92nd American Meteorological Society Annual Meeting (January 22-26, 2012)

Wednesday, 25 January 2012: 11:45 AM
Observation-Based Wind-Power Ramp Forecast System
Room 345 (New Orleans Convention Center )
Seth Linden, NCAR, Boulder, CO; and S. Haupt and B. Myers
Manuscript (917.3 kB)

As wind energy becomes increasingly more prevalent, having accurate wind-power forecasts becomes important in order to help energy operators make better grid integration and economic decisions. Since a majority of energy trading is done 24 hours in advance, most of the wind-power forecasts that are utilized by operators today are aimed at reducing the uncertainty in wind-power production 24-48 hours in advance. Although this is an important component, these forecasts do not address short-term issues such as sudden wind-power ramps.

Unforeseen wind-power ramps caused by a sudden increase in wind-speed over a farm can produce excess energy that cannot be used because energy has already been allocated from other sources. If operators have some indication that a wind ramp is approaching in the next few hours, they can turn off other sources of energy in order to fully utilize the wind-power produced by the ramp. Therefore, short-term forecasts (0-6 hours out) specifically designed to forecast wind ramps are becoming increasingly more important.

Forecasting wind-power ramps at a specific location and time is a very challenging problem. Currently, most approaches rely on high-resolution models such as the Weather Research and Forecasting (WRF) model to address this issue. High resolution modeling has shown some success at forecasting ramps, but often features are misplaced in time and space. Therefore other techniques may be needed to better forecast wind ramps. In conjunction with the Xcel Energy wind-power forecasting project at NCAR, research and development efforts have been performed to determine if publicly available upstream observations could be used to predict when a ramp is likely to impact a wind farm. This paper discusses an experimental observation-based wind ramp forecasting expert system configured at NCAR for one of the Xcel wind farms.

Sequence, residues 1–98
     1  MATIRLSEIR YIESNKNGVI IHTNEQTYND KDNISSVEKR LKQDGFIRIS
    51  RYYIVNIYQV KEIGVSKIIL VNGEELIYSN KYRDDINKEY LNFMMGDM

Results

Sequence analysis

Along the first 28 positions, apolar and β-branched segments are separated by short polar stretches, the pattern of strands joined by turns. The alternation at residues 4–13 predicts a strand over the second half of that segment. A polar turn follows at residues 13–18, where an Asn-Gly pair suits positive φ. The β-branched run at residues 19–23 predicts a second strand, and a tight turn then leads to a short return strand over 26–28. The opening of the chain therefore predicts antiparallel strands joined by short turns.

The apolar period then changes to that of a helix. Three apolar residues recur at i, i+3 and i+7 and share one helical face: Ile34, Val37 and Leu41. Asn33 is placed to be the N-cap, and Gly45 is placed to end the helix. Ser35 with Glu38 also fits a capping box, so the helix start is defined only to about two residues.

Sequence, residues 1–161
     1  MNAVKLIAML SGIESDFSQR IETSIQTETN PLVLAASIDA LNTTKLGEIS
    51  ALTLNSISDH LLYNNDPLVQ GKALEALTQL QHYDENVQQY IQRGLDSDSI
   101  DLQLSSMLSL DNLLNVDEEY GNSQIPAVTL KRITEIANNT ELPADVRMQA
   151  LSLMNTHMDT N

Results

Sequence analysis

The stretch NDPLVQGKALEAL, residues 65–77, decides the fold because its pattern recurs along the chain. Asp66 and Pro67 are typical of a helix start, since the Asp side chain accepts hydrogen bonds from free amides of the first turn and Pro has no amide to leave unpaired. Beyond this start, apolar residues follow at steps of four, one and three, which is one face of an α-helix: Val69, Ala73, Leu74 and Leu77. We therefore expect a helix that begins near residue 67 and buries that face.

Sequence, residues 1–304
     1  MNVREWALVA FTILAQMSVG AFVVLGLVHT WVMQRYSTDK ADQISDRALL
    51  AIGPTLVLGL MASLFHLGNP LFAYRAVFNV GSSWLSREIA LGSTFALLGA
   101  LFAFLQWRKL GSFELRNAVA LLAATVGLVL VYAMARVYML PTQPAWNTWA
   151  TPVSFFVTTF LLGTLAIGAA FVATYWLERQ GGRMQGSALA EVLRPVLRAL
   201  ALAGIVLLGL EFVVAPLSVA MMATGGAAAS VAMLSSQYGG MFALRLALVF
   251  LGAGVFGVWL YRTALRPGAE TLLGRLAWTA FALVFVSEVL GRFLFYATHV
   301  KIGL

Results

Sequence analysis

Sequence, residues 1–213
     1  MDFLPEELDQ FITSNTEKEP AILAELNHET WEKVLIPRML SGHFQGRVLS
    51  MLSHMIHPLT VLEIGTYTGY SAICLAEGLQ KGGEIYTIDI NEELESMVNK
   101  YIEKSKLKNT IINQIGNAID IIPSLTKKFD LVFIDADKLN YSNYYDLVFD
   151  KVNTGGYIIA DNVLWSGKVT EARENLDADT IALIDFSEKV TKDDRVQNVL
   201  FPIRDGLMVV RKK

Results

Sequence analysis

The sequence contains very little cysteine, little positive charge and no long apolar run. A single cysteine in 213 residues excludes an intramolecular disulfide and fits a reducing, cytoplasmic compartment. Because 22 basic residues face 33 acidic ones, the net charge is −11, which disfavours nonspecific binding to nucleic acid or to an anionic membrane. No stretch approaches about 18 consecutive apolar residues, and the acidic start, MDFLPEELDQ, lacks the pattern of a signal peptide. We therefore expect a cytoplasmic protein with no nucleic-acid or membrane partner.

The application uses nearby observations to predict when a wind ramp (or strong wind event) will occur at the farm within a 1-hour time window out to 6 hours in the future. The algorithm uses publicly available observing sites (METARs and mesonet sites) and searches for wind ramp signatures in upstream observations. A preliminary application has been configured to predict wind-power ramps at a wind farm in northeastern Colorado for events originating from the north, northwest and northeast. This paper discusses the techniques used to utilize upstream surface observations to predict wind-power ramps at the farm. The algorithm's performance is examined for a number of cases. Lastly, recommendations are made about future work.

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